NakedSunfish ~ Issue 4
Livingston, writing in today's edition of the Plain Dealer, chides Major Legue
Baseball for dropping the singing of "God Bless America" during
the seventh inning stretch. Well, Bill Livingston is never happy, so what
else is new. I, on the other hand, could not be any more pleased with the
decision--to my mind the national anthem is already more than enough. There
are lots of things that were wrong with playing "God Bless America"
at every game, not the least of which was the fact that nobody knew how to
sing it right. While I'll admit it had some power initially, coming across
as a fairly spontaneous response to the horrific events of 9/11, it is also
my observation that by opening day it had degenerated into a exercise in jingoism
rather than a show of solidarity with the victims and their loved ones.
opening day in Anaheim it seemed like MLB was trying to show the National
Football League that they could put on a militarist and, frankly, fascist
spectacle to rival the Super Bowl. To begin with, the security measures in
place at the gate made me feel like I was trying to cross a foreign border
rather than enter a baseball park with a valid ticket. After we finally got
in, they brought out the opera singing cop (who sounded kind of like a Tuvan
throat-singer to my post-tailgate ears) and an honor guard displayed a flag
that must have taken a bolt each of red, white, and blue cloth to sew together.
Which I would've been cool with if they stopped there. But they didn't; military
jets buzzed us overhead, which is somewhat traditional. But when the Navy
Seals parachuted out of them onto the field, to the tune of Lee Greenwood's
"Proud to be an American," I began to go a little crazy. Anyway,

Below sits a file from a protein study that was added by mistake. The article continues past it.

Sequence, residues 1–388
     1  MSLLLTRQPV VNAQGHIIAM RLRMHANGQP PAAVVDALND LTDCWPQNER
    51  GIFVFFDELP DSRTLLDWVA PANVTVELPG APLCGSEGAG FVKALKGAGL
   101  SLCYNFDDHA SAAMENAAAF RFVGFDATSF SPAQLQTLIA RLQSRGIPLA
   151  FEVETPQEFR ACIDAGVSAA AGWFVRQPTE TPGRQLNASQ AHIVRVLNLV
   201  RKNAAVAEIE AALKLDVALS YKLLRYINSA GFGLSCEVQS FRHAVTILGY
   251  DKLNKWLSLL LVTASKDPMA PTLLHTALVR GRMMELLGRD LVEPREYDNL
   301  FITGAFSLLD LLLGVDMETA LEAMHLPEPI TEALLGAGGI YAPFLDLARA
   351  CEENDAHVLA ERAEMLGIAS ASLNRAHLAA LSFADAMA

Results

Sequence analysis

the Proles seemed to love it; for sure it was straight out of 1984. The Anaheim
fans, to their credit, did recognize the whiff of totalitarianism when they
threw out some Cleveland fans for putting up a pair of Indians banners and
joined the healthy Cleveland contingent in booing the heavy-handedness of
Edison Field security.
The game itself was a gem. A 98 pitch shutout from Bartolo Colon thatput started the Tribe on, to borrow a phrase from Gil-Scott Herron, "A very hip foot," while the Angels seemed to have squandered the momentum of an active off-season. The next day I went to Dodger Stadium and saw their opener with the Giants. It was the mirror opposite; Dodger ace Kevin Brown was chased early, Barry Bonds homered twice and the Giants won big. After a week, the two teams seemed headed in very different directions--Cleveland to another AL Central Division title, Los Angeles to another mediocre year in the middle of the NL West pack.
Well, another three weeks have passed and the teams still seem headed different directions, only the fortunes have reversed; the Indians are mired in a horrible slump, while the Dodgers are tied for first in their division and even the Angels are coming around. Last night (April 30th) the Angels handed the Indians a 21-2 shellacking, the worst loss by an Indians team in Jacob's Field history. The boo-birds were, understandably, in full effect. My prediction is that this is the year that Cleveland fans start urinating on the walls of the men's room, if they haven't already.
Regular Crapshoot! readers will remember my top ten or so list from 2001. Well, there are a couple of titles that really belonged there that didn't really come to my attention in time to make the list. One is pianist Jason Moran's "Black Stars" CD featuring the great saxophonist Sam Rivers. Moran is a gifted young player who is not afraid to mix a little humor in with his more serious fare, a la the late Jaki Byard; the septuagenarian Rivers is always worth hearing, and blows here like a man half his age.
Cave and the Bad Seeds "No More Shall We Part" is a worthy addition
to an already formidable legacy. Cave's latest release is a typically somber
collection of ballads punctuated with black humor. I liked it upon initially
hearing it, but after seeing the band last month (Cave is a great performer,
the logical successor to Elvis and Jim Morrison) and witnessing a lot of the
material performed live I gained a deeper appreciation of it and have had
a hard time finding anything else to listen to.